Surveying insight on Source-to-Sea

The upper section, the Alphen Trail, is already a well used.

A City of Cape Town official and a geology student gave an update of the Source-to-Sea project at a sub-council meeting at the Alphen Centre last month.

Stephen Granger, a manager in the City’s environmental planning department, said two rivers in the Constantia Valley – Diep River and Prinskasteel/Keysers River – had been chosen for the R30m pilot river management project, which, if successful, could be rolled out for other rivers across the metropole.

Laura Jonnard, a geology student from Paris working as an unpaid intern for the City, surveyed communities along the rivers earlier this year.

“Her hard work on the survey has provided much insight into the project,” said Mr Granger.

The vision for the Source-to-Sea started as a dream, born many years ago by a passionate group of local people who wanted to improve the natural habitat that surrounded them.

In 2004, John Green, James Forsyth and Mandy Noffke discussed the possibility of creating a riverine corridor connecting the mountain to the sea linking Prinsesskasteel (Elephant’s Eye) to Princess Vlei and Zandvlei.

Gavin Lawson, of Plumstead and Zandvlei Trust, has hailed the project as a “unique model” that is “people focused”, drawing in both rich and poor communities.

At the presentation, Ms Jonnard said she had done a survey from April to August this year to understand people’s perceptions of the Diep River.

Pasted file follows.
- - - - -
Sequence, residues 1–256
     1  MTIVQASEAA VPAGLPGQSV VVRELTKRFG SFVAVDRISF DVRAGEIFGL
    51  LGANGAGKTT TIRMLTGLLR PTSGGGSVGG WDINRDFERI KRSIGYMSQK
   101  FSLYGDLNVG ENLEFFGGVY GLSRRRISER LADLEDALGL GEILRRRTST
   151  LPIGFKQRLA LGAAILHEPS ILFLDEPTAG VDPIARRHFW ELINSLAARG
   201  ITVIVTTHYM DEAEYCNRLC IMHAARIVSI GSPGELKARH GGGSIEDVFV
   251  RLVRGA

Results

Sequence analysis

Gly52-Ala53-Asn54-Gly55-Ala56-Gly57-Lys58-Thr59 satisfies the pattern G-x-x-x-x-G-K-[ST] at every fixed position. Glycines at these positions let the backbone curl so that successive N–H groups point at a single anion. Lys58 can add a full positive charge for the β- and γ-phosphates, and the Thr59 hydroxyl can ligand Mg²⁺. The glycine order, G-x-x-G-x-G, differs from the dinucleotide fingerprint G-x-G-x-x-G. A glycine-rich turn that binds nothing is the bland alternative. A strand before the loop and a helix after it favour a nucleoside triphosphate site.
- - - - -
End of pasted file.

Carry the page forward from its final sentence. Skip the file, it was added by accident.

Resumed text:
She said the section of river under review cut across high- and low-income residents, from Constantia and Plumstead to Marina da Gama.

“Some sections are very attractive, others neglected and seen as negative spaces. This is where the Source-to-Sea project will have a significant impact,” she said.

Ms Jonnard said many recommendations were made by participants from each area.

“Most relate to the lack of facilities – benches, playground areas, trails and pathways, bridges – along the trails and the river banks, which could help to have more interaction with the river,” she said.

“Facilitating this interaction with the Diep River and people would help to create a sense of ownership around this specific space and maybe improve the respect towards the river,” said Ms Jonnard.

Other suggestions are to provide more signage and name each open space along the greenbelts and river banks.

“It would help people feel closer to the space and have a stronger relationship with it,” she said.

She said many people had requested environmental education signage, especially on the Alphen Trail, and a bird hide to attract more birds.

“Others would like the accessibility to the river to be facilitated and less dangerous for children. Many people are afraid that their children could fall into the river and get hurt by broken bottles in the water where this is very polluted,” said Ms Jonnard.

In lower sections people asked for the river to be fenced to prevent children from going there and playing in the water, and criminals from hiding there at night.

Mr Granger said that based on the survey outcomes and general perceptions by Ms Jonnard’s fieldwork, the most important areas to focus on would be the lower sections.

The focus on the middle section would be on pollution, vagrancy and criminality and broken infrastructures.

“The upper section, the Alphen Trail, is already a nice and well used place. However, the Diep River trail would be the one to focus on, for safety issues, overgrowth vegetation (maintenance) and facilities,” said Mr Granger.

He said that all along the river there should be more facilities for people to relax and enjoy themselves, more bins to avoid pollution and more maintenance.

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